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Comparison of ipsilateral breast tumor recurrence after breast-conserving surgery between ductal carcinoma in situ and invasive breast cancer

Overview of attention for article published in World Journal of Surgical Oncology, January 2016
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Title
Comparison of ipsilateral breast tumor recurrence after breast-conserving surgery between ductal carcinoma in situ and invasive breast cancer
Published in
World Journal of Surgical Oncology, January 2016
DOI 10.1186/s12957-016-0885-6
Pubmed ID
Authors

Choi, Young Jin, Shin, Young Duck, Song, Young Jin

Abstract

We aimed to evaluate the differences in the rates and predictive factors for ipsilateral breast tumor recurrence (IBTR) after breast-conserving surgery (BCS) between ductal carcinoma in situ (DCIS) and invasive breast cancer. And, we evaluated the impact of IBTR on overall survival and distant metastasis. We retrospectively reviewed 322 consecutive patients with DCIS or invasive breast cancer who underwent BCS between 2004 and 2010. We evaluated the rates of IBTR of DCIS and invasive breast cancer. Univariate and multivariate analyses were performed to determine the predictive factors for IBTR, and survival rates were analyzed with Kaplan-Meier estimates. With a median follow-up period of 57 months, 5 (10 %) out of 50 DCIS patients and 14 (5.1 %) out of 272 invasive cancer patients had developed IBTR. Factors associated with IBTR on univariate and multivariate analyses were positive resection margin status in DCIS and omission of radiotherapy in invasive cancer, respectively. The hormone receptor negativity was strong independent predictive factors for IBTR in both DCIS and invasive breast cancer. Although the differences of survival curve did not reach statistical significance, the 5-year overall survival and distant metastasis-free survival of invasive cancer patients who suffered IBTR were inferior to those without (84 vs. 98 % and 63.3 vs. 96.5 %, respectively). Advanced initial stage, lymph node metastasis and experience of IBTR were associated with poor overall survival and distant metastasis on univariate and multivariate analyses. The hormone receptor negativity was revealed as independent predictive factor for IBTR after BCS in both DCIS and invasive cancer. Experience of IBTR was independent prognostic factor for poor overall outcome in patients with invasive breast cancer. Aggressive local control and adjuvant therapy should be made in hormone receptor-negative patients who receive treatment with BCS.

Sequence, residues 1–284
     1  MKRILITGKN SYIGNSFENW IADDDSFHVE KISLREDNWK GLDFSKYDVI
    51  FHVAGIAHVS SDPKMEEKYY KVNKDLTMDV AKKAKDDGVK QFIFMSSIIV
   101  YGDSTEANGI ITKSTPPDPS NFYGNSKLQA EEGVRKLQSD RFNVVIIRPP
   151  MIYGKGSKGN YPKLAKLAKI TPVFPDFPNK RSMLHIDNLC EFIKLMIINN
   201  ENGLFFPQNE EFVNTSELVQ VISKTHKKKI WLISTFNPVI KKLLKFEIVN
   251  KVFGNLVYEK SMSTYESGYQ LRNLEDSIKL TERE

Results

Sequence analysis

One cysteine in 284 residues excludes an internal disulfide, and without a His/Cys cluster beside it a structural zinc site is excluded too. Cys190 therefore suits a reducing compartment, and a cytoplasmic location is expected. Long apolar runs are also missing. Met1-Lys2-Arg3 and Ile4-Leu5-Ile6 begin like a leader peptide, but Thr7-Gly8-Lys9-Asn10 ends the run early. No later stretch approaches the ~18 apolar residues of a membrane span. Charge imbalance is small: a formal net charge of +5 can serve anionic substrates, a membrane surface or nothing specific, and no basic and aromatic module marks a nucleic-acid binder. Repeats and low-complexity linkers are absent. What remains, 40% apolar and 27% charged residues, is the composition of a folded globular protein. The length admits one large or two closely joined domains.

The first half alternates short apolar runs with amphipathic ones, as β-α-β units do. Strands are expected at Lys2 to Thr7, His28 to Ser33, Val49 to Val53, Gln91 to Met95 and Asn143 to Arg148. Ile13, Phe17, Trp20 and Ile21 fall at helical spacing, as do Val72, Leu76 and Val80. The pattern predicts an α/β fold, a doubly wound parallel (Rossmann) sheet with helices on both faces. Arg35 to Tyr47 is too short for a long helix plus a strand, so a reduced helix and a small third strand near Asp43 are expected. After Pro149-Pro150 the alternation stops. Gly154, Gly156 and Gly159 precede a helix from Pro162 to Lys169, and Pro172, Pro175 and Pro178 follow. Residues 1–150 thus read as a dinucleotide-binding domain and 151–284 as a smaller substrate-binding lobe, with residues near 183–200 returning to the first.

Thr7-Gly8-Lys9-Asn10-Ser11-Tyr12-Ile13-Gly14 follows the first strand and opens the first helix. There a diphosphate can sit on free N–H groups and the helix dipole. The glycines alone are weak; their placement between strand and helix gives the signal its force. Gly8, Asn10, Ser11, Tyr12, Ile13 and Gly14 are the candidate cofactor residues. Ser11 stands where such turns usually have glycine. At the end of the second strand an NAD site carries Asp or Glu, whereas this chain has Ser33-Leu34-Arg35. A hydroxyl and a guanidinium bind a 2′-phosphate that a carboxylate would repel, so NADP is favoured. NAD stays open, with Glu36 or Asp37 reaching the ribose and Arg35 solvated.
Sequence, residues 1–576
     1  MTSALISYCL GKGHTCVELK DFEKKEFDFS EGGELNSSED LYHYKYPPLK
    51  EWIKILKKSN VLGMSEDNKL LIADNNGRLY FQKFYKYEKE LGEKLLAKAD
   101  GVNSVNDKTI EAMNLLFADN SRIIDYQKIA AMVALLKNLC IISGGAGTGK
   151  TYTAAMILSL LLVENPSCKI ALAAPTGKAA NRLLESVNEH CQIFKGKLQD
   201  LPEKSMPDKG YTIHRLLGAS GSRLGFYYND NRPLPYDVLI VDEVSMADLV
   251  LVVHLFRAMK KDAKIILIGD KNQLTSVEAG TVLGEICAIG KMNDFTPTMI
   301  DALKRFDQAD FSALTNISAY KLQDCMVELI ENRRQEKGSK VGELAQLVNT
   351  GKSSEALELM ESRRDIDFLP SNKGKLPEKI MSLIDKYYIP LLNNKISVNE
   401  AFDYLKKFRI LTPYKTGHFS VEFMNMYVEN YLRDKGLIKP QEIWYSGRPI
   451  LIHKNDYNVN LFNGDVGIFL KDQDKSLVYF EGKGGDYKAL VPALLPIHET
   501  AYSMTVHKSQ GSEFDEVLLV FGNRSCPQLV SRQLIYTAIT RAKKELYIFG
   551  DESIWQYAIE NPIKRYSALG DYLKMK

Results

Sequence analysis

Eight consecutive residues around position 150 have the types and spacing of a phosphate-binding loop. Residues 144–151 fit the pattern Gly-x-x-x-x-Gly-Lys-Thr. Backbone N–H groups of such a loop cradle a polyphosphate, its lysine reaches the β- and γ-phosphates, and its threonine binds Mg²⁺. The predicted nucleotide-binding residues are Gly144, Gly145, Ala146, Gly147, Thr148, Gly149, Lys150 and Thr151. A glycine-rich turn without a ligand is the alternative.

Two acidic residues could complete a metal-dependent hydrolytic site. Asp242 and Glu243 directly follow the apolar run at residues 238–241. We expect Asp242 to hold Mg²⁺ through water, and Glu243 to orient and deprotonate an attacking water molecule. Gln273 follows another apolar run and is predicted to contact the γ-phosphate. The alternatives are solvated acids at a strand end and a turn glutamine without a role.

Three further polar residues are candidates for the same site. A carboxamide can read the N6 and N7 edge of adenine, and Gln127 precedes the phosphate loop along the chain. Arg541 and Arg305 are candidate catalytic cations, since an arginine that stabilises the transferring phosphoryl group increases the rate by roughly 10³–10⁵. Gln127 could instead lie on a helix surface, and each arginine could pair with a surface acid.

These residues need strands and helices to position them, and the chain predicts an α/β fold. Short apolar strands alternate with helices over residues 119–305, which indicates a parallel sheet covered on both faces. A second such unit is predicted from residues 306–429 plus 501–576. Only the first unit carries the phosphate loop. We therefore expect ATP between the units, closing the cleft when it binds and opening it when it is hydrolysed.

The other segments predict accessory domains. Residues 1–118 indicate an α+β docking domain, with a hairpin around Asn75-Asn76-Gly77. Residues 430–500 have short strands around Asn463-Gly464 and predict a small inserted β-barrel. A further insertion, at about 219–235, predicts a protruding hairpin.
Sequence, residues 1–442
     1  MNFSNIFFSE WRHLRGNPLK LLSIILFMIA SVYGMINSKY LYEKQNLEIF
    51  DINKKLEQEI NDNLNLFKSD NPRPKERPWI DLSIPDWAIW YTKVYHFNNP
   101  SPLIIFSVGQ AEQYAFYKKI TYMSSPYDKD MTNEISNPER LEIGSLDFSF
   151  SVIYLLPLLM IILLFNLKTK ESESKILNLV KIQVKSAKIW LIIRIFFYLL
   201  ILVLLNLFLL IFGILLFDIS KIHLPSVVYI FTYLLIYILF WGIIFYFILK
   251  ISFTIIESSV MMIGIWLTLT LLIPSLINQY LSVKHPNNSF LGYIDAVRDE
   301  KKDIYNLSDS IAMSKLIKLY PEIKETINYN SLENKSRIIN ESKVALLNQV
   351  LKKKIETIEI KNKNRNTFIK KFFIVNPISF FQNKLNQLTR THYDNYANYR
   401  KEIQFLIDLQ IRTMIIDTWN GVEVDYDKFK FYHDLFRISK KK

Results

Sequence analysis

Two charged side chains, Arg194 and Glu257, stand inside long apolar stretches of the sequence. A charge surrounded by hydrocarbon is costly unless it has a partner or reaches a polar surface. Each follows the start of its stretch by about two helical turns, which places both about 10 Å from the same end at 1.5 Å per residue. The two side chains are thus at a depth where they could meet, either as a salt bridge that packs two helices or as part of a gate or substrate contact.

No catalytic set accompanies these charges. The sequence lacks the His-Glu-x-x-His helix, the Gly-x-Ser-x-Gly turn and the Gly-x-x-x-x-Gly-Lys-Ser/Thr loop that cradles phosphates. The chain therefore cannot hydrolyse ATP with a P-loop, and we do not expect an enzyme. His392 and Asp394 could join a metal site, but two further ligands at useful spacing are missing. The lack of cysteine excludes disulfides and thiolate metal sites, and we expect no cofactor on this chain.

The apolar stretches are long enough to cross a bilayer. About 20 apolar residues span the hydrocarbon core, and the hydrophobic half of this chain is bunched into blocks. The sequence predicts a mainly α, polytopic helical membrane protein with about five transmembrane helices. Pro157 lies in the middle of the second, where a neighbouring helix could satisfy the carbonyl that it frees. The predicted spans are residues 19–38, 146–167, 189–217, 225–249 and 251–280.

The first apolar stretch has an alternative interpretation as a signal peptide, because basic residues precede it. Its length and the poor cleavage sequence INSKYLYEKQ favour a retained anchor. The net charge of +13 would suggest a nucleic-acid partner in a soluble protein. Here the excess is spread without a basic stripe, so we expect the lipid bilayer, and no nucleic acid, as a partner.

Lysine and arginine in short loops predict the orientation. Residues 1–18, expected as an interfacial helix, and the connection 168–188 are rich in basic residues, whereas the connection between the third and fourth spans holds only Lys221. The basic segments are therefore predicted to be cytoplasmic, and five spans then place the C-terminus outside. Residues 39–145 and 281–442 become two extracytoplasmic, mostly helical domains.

Twitter Demographics

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Mendeley readers

The data shown below were compiled from readership statistics for 35 Mendeley readers of this research output. Click here to see the associated Mendeley record.

Geographical breakdown

Country Count As %
Unknown 35 100%

Demographic breakdown

Readers by professional status Count As %
Student > Ph. D. Student 6 17%
Researcher 5 14%
Student > Doctoral Student 4 11%
Other 4 11%
Student > Postgraduate 4 11%
Other 6 17%
Unknown 6 17%
Readers by discipline Count As %
Medicine and Dentistry 15 43%
Agricultural and Biological Sciences 4 11%
Nursing and Health Professions 3 9%
Biochemistry, Genetics and Molecular Biology 2 6%
Business, Management and Accounting 1 3%
Other 2 6%
Unknown 8 23%

Attention Score in Context

This research output has an Altmetric Attention Score of 1. This is our high-level measure of the quality and quantity of online attention that it has received. This Attention Score, as well as the ranking and number of research outputs shown below, was calculated when the research output was last mentioned on 29 April 2016.
All research outputs
#6,600,104
of 7,625,034 outputs
Outputs from World Journal of Surgical Oncology
#1,044
of 1,213 outputs
Outputs of similar age
#223,482
of 266,764 outputs
Outputs of similar age from World Journal of Surgical Oncology
#20
of 35 outputs
Altmetric has tracked 7,625,034 research outputs across all sources so far. This one is in the 1st percentile – i.e., 1% of other outputs scored the same or lower than it.
So far Altmetric has tracked 1,213 research outputs from this source. They receive a mean Attention Score of 1.3. This one is in the 1st percentile – i.e., 1% of its peers scored the same or lower than it.
Older research outputs will score higher simply because they've had more time to accumulate mentions. To account for age we can compare this Altmetric Attention Score to the 266,764 tracked outputs that were published within six weeks on either side of this one in any source. This one is in the 1st percentile – i.e., 1% of its contemporaries scored the same or lower than it.
We're also able to compare this research output to 35 others from the same source and published within six weeks on either side of this one. This one is in the 1st percentile – i.e., 1% of its contemporaries scored the same or lower than it.